I play tennis each week. We play doubles and it is organized as a ladder system, which means that if you win the most games out of the four players present, you move up to the next highest group, and if you win the least you move down. I'm a decent player and I hover around the 2nd or 3rd group from the top. Every once in a while I make it to the top group, but I can never win enough games to stay up there. I found myself not looking forward to the weeks I would get to the top and feeling really irritable, both while playing and then afterwards. What was going on here? It was just tennis after all. There's no reason it should affect my mood that much- unless there was something deeper going on.
James Macdonald says, "The closest we can come to total honesty is to admit our inability to be truthful with the face we see in the mirror. Personal honesty is too painful" (Act Like Men, 44). I'm still relatively young, but as I've gotten older, reality is setting in. I'm realizing that I've told myself some stories about who I was and I've made a lot of excuses for myself. If I didn't get the playing time I wanted on the high school basketball team it was easy to blame the coach for favoritism. When I played tennis in college I told myself similar things, believing that I was being overlooked or that if I "really tried" and didn't care so much about my academics I would be the best on the team.
Here in the present, I have been faced weekly with the reality that I'm just not quite as good as the guys at the top of the tennis ladder. At first I fought this by thinking I was just rusty or doubles isn't my strength, singles is. When that stopped working, I tried to avoid it and became more and more irritable. But eventually I had no choice but to accept reality, and it has been freeing. As I've done so, I have been able to revise my athletic history and let go of a lot of bitterness toward coaches and teammates. I'm not a dominant athlete and I never will be. I have limitations. There will always be many who are smarter, faster, and stronger.
So why am I going on about my athletic history? It was good for me to acknowledge reality in this area, but gaining clarity in this area led me deeper to seeing the pride behind much of my behavior and with it, my tendency to defend and excuse myself.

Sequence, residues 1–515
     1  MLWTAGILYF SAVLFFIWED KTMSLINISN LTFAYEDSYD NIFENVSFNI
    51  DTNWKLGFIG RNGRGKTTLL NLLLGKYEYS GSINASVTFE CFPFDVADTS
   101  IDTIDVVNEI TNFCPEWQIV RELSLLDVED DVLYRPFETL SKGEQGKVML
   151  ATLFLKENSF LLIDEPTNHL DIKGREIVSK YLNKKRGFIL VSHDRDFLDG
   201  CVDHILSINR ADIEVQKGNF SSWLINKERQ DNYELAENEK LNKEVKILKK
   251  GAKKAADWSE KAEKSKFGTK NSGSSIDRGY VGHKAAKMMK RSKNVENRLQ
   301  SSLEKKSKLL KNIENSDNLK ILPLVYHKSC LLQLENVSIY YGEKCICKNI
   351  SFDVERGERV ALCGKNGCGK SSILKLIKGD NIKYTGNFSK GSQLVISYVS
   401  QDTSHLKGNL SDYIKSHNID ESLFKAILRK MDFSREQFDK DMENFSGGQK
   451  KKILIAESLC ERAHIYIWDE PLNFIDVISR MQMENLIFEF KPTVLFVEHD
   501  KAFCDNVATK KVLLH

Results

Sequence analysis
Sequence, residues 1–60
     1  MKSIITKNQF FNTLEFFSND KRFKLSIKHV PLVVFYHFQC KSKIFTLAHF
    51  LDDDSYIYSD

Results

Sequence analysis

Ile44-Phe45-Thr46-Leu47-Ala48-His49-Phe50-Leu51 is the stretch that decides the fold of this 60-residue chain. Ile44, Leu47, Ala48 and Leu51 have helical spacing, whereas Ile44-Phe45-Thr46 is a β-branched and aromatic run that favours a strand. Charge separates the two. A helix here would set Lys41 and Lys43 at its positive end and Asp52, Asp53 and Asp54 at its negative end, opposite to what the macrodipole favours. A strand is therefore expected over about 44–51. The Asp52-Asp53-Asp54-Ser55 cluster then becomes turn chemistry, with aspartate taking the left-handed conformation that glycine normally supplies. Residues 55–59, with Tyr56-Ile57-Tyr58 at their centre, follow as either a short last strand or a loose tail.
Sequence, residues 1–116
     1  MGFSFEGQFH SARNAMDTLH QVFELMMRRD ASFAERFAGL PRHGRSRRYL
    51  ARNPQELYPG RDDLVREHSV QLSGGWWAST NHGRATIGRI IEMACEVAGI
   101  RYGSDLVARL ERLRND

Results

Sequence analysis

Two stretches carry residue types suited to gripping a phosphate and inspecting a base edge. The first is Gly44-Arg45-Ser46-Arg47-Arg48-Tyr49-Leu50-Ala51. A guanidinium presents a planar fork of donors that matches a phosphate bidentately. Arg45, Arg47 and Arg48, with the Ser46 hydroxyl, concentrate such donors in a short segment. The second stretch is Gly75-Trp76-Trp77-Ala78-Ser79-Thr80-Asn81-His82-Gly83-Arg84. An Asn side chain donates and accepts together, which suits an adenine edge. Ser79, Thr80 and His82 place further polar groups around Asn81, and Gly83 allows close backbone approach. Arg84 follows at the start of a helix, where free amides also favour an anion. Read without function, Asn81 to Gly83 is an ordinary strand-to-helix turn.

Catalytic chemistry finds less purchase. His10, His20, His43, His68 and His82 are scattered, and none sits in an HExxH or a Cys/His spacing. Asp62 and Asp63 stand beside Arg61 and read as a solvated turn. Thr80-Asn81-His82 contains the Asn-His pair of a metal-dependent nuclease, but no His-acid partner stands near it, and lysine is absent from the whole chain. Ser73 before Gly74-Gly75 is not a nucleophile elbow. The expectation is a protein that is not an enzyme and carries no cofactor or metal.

We Are All Defense Attorneys
When the Holy Spirit shows us an area that needs repentance, we must overcome the instinct to defend ourselves. We must silence the little lawyer who steps out from a dark closet in our minds, pleading, "My client is not so bad." Your defense attorney will defend you until the day you die- and if you listen to him you will never see what is wrong in you nor face what needs to change. For you to succeed in warfare, your self preservation instincts must be submitted to the Lord Jesus, for Christ alone is your true advocate- Francis Frangipane in The Three Battlegrounds, 24.
Behind every attempt to defend, justify, and flee reality is pride. This shows up in our relationships. How do you respond when your spouse criticizes you? How do you respond when your boss calls you in for a performance review or a good friend calls you out on a behavior pattern they've noticed? When you are consciously aware of a failing or pattern of sin in your life, how much effort do you put into hiding it from others? Are you quick to confess and ask for help or do you justify the behavior? I see this all day long in my office, and it grieves me. This is the essence of finger pointing and escalating conflict. I have discovered a rule in my own life and in counseling- If someone criticizes you about something, some part of it is probably true. It is in your best interest to default towards humility and repentance rather than defensiveness and self righteousness. One path takes you to God every time, the other takes you out into deep and unsafe waters.
Each time we let our defense attorney have the floor, we are inviting darkness into our life and we are avoiding the freeing light of humility and confession. Frangipane goes further and says, "The strength of humility is that it builds a spiritual defense around your soul, prohibiting strife, competition, and many of life's irritations from stealing your peace...Remember, Satan fears virtue. He is terrified of humility; he hates it because humility is the surrender of the soul to the Lord, and the devil is terrified of Jesus Christ."
So a couple weeks ago I made it back into the top group and these things were consciously on my mind as I played. I had a blast that week and I also played the best I've ever played in that group. I kept inwardly repeating to myself reminders that I didn't have to be the best and admiring the skill of the other players when they hit great shots. If this story was about bolstering my pride you would think it ends with this finally being the week I won enough games to stay in the top group. It wasn't. Those guys are still better players than me. But I felt free that night and there was no trace of irritability as I left the court. This is a feeling I want to carry around with me wherever I go, and it is one you can have as well. Cling to humility and radical self honesty in your life.